When streaming video, nothing kills the mood more than a buffering issue or other related problems. Here’s how to avoid it, with anything from quick fixes to the best long-term solutions.
Video buffering is an undesirable byproduct of video streaming. We experience uninterrupted signals when we watch a movie on a television set. Streaming is a different story.
When watching a video, even a basic YouTube video, you may encounter buffering issues. In this post, we’ll explain to you how to reduce video streaming issues while watching your favorite movie or online TV show.
1. Give it a Break!
If buffering continuously interrupts your streaming video, relax a little. It is frustrating, but it could be tempting to resume the video after each buffering pause. Instead, momentarily stop the broadcast for a few minutes to allow the video to build a larger buffer. When you resume play, the buffering is reduced. At the very least, you will have fewer interruptions!
2. Check Your Internet Connection
Slow internet is one of the most common causes of video streaming issues. To stream Netflix in high definition, you’ll need a connection with a minimum speed of 5Mbps (megabits per second). If you’re paying for these speeds, it’s worth double-checking that you’re getting them.
Always get the best possible internet service because these days it’s not just one device using the connection. Almost every household has a couple of smartphones, laptops, and a smart TV.
If you are a Disney fan, you might as well get Disney Plus on Roku for better quality streaming.
For greater speed, you don’t have to (necessarily) pay more money to your ISP. There are other methods to improve your internet connection quicker, and exploring them will be worthwhile. They are as follows:
- Reboot your router and modem. This just entails disconnecting them, counting to 10, and reconnecting them. Often, that’s all that’s required. It’s a good idea to do this every time you feel the need.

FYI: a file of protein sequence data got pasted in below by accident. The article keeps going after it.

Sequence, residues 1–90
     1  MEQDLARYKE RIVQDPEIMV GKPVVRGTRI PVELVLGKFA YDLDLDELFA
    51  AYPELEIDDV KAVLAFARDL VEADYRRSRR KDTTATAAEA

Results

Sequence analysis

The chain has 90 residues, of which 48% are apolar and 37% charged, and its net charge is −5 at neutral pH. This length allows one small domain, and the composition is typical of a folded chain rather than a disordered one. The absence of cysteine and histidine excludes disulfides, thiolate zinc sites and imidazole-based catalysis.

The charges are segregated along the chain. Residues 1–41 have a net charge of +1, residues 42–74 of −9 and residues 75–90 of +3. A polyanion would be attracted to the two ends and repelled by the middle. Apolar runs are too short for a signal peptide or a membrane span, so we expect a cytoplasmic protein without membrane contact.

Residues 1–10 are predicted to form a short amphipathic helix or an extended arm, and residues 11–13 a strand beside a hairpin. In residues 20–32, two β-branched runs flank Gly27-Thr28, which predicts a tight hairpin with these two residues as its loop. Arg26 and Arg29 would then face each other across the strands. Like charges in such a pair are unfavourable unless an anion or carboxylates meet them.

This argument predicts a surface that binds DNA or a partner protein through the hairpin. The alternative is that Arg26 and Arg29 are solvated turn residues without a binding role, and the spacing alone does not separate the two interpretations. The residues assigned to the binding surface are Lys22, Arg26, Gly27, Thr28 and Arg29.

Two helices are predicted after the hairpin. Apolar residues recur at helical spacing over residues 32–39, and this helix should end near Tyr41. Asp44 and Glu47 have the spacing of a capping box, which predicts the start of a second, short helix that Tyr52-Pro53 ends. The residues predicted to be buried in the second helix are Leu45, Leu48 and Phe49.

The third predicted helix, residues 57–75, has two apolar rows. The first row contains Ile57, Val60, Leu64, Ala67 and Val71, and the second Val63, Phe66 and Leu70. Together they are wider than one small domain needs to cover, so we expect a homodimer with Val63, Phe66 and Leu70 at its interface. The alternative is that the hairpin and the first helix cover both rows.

- Set your wireless network to utilize the 5GHz spectrum instead of the 2.4GHz channel. At a higher frequency, it will experience less interference.
- Check to make sure you haven’t used all your monthly traffic allowance. Remember, some ISPs throttle customers who utilize an excessive amount of bandwidth. Binge-watching will cause this.
- Modify your DNS server. If you don’t know, a DNS server looks up a website’s IP address by name. Your ISP’s connection may be extremely slow. Set your router to utilize Cloud Flare (184.108.40.206) or Google (220.127.116.11), both of which have extremely fast public DNS servers.
3. Minimize Buffering By Closing Other Programs
If your computer is doing a lot of other things or running a lot of apps at the same time, it may not be able to provide you with flawless streaming. Even if the other apps run in the background, doing nothing, or have been minimized, they continue to consume system resources. Some streaming services require more resources as a prerequisite to watching movies/shows on any device.
For instance, an application may access the internet for updates or download data in the background without your knowledge. This is most noticeable when using browsers with many tabs open. Online games also discreetly use system resources.
So the first thing you need to do is close any unnecessary applications if you’re experiencing buffering issues. However, this might be difficult if you are unaware of which programs execute background activities even when they are not open. Also, even if you disable these applications, they usually restart as soon as you restart your computer.
4. Turn off Wi-Fi for Other Devices
Wherever possible, free up bandwidth. Wi-Fi devices continually ping your wireless router, even when you are not using them. If you have many computers, cellphones, tablets, and other smart gadgets in your home, this may quickly add up. Try turning off the Wi-Fi for these devices when they are not in use.
5. Scan the Device for Viruses
A virus on your computer might cause significant delay, especially if it’s transferring data to the internet or utilizing your computer as a base to expand further. A jerky video might be a sign of a virus. Conduct a comprehensive check of your computer using antivirus software to ensure that nothing is wreaking havoc on your device.
6. Clean up the Browser Setting
Remember that it’s not always your internet connection’s fault! The issue can also be related to your local computer, namely in your web browser. Browsers keep a local cache of previously viewed websites. When you return to a site, your web browser checks the cache and if the local material is up to date, the browser loads it from there instead of downloading it.
What’s the issue? Your browser may get overburdened with cached and temporary data, slowing it down.
There can be many reasons for experiencing video streaming issues however, not all of them require technical assistance from professionals. Some of the most common issues can easily be fixed just by following the easy solutions provided above. So try them out and see which one works best for you.